Union Budget 2022-23: Govt maintains focus on sector | The Financial Express

Union Budget 2022-23: Govt maintains focus on sector

While the sizeable increase in infra spend and sectoral initiatives in Union Budget augur well, there is need for policy reforms that help create a robust private investment ecosystem

State governments and extra-budgetary sources (banks, financial institutions), including private investment, are expected to make up the balance.
State governments and extra-budgetary sources (banks, financial institutions), including private investment, are expected to make up the balance.

With over 35% y-o-y increase in capex and a proposed infrastructure spend of over Rs 10 lakh crore in Budget 2022-23, the Union government has reinforced its commitment to using infrastructure as a force multiplier for sustained economic growth. Within infrastructure, one of the key focus areas is leveraging multimodal transport infrastructure to reduce logistics costs, thereby improving India’s overall competitiveness. Similarly, the budget has also highlighted the need for coordination between various Ministries/agencies to enable identification and timely completion of priority projects. Both of these would be addressed through the Gati Shakti initiative which is one of the cornerstones of Budget 2022-23. Digital technology, including GIS, will form the backbone of Gati Shakti. The budget has proposed a Unified Logistics Interface Platform for data exchange among various operators through APIs to achieve regulatory and operational streamlining.

In terms of investments, roads and railways have seen a significant increase in outlays, with y-o-y increase of over 50%. As part of rail connectivity, 100 PM Gati Shakti Cargo terminals are proposed to be developed over the next 3 years. Similarly, the National Highways network is proposed to be expanded by 25,000 km during the year, which is nearly double that of the maximum achieved in any of the last 5 years. The proposed spend on urban infrastructure, housing and ports has been maintained at FY2021-22 levels, with the outlay on Jal Jeevan Mission increasing by 20%.

Let us now come to financing, which has been called out separately in the budget document. With the National Infrastructure Pipeline (2020-25) envisaging an investment of Rs 111 lakh crore, the target annual investment ranges between Rs 20-22 lakh crore. The budgetary outlay of Rs 10-11 lakh crore represents the Centre’s share in total infrastructure investments, which is around 45%. State governments and extra-budgetary sources (banks, financial institutions), including private investment, are expected to make up the balance.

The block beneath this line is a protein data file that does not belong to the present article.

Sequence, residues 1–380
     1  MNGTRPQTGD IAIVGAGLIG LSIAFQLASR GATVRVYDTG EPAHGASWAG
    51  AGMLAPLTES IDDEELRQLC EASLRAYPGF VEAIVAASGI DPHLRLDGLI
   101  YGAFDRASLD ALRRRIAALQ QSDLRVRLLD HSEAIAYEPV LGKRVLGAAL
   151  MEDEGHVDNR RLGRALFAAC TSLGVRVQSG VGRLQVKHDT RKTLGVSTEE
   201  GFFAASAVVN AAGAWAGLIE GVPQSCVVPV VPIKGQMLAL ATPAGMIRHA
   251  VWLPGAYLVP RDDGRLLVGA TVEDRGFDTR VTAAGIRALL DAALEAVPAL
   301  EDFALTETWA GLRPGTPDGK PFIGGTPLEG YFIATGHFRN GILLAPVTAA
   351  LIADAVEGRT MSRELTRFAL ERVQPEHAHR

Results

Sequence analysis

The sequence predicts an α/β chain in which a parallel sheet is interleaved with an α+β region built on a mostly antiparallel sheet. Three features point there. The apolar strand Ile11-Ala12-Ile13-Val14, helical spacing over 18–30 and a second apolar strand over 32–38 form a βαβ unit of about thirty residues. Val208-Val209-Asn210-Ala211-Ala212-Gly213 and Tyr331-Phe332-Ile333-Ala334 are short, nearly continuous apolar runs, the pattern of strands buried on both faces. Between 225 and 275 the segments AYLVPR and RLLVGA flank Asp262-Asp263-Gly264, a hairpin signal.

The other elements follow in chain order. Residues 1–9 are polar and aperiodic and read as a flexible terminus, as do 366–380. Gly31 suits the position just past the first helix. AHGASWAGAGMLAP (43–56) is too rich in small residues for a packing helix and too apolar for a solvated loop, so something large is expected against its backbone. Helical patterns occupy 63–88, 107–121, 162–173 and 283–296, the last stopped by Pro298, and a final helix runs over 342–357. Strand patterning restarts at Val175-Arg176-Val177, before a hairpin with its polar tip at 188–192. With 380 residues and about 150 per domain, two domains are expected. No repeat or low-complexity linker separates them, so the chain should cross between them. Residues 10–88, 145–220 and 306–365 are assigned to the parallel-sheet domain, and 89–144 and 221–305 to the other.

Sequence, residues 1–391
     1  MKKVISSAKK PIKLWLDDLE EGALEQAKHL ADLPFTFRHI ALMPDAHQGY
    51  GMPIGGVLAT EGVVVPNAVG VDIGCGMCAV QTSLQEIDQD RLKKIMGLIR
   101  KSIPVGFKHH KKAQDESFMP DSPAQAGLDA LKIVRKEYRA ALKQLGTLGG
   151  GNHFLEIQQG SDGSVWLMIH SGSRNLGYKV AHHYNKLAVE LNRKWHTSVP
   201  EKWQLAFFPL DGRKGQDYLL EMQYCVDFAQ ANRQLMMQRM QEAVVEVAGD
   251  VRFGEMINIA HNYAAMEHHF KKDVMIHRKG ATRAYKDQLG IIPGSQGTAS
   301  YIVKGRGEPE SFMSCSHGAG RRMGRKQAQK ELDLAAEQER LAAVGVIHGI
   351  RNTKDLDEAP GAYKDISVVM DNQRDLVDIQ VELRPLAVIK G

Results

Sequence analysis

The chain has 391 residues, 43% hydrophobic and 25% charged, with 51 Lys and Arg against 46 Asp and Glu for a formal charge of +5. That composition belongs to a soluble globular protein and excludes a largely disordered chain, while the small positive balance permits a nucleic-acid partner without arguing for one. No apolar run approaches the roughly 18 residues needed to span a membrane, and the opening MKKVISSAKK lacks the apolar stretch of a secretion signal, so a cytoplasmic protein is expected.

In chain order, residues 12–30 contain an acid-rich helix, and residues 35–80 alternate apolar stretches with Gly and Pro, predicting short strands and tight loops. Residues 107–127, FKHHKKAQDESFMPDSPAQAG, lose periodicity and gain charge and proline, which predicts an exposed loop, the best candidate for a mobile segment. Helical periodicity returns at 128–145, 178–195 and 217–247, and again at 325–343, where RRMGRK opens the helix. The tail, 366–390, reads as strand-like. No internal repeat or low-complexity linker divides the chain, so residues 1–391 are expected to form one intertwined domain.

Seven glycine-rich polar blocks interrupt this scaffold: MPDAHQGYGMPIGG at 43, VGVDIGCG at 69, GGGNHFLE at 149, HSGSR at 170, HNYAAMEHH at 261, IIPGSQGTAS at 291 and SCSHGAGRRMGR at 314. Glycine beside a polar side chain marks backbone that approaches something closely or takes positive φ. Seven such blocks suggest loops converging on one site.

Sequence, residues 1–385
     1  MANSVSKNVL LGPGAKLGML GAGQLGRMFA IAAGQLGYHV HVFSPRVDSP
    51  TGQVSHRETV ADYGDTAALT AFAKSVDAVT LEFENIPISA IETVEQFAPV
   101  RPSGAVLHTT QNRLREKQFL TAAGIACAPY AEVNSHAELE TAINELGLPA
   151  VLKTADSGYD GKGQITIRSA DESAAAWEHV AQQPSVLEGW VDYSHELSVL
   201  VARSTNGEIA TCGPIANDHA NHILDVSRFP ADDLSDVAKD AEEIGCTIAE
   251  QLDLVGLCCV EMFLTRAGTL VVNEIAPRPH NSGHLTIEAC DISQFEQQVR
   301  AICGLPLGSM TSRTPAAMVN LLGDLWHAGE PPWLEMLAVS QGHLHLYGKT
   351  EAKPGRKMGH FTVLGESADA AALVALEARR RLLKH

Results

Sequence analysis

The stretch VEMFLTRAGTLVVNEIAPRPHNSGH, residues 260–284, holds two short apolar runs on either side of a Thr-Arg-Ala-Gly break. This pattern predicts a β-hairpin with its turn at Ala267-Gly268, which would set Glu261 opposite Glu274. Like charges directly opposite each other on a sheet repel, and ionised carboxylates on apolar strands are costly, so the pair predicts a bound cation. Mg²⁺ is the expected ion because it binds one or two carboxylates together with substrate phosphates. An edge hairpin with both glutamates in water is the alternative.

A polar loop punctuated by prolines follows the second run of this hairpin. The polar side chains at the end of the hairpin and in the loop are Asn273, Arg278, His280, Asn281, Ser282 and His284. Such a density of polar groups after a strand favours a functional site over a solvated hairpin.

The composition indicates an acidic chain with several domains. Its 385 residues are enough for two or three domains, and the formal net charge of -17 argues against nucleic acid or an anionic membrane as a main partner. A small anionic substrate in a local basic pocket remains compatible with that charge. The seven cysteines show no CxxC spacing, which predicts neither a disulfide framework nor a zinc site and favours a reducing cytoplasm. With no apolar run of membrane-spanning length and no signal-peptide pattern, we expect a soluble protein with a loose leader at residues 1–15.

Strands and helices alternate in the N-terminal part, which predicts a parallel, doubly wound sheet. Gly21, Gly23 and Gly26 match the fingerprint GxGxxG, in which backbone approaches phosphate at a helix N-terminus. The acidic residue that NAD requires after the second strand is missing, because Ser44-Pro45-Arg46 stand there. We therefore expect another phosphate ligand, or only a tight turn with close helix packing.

State governments are likely to play a larger role in sectors like urban infrastructure, irrigation, health and education, which fall under their jurisdiction. To incentivise them to augment infrastructure in these sectors, the budget has significantly increased the outlay for “State Government Support for capital expenditure” from Rs 15,000 cr in 2021-22 to Rs 1 lakh crore in 2022-23. This amount would be given to the States through a 50-year interest-free loan and would be over and above the concessional finance introduced earlier for undertaking specific reforms under Atmanirbhar Bharat, asset monetisation, etc.

On private investments, a number of initiatives around public private partnerships, asset monetisation, setting up of the National Bank for Infrastructure & Development (NABFID) as a development finance institution, tax concessions for foreign pension and sovereign wealth funds have already been introduced. The budget additionally highlights green bonds as well as thematic funds leveraging blended finance for financing sunrise sectors like deep tech, climate action, pharma, agri-tech, etc.

However, a number of policy reforms are essential for creating a sustainable private investment eco-system, many of which are outside the purview of the budget. Examples include increasing domestic pension fund investments in infrastructure, expanding the definition of infrastructure investors for tax purposes, deepening the infrastructure bond market, mobilising long-term resources through higher pension coverage, adopting standard templates & practices for selecting and contracting with private partners, and putting in place effective contract renegotiation & alternate dispute resolution mechanisms.

While Budget 2022-23 reinforces the Union government’s commitment to infrastructure development, timely implementation of the aforementioned measures would be critical for putting a robust extra budgetary financial eco-system in place.

The writer is Partner and Leader – Government & Public Services, Deloitte India

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First published on: 07-02-2022 at 06:15 IST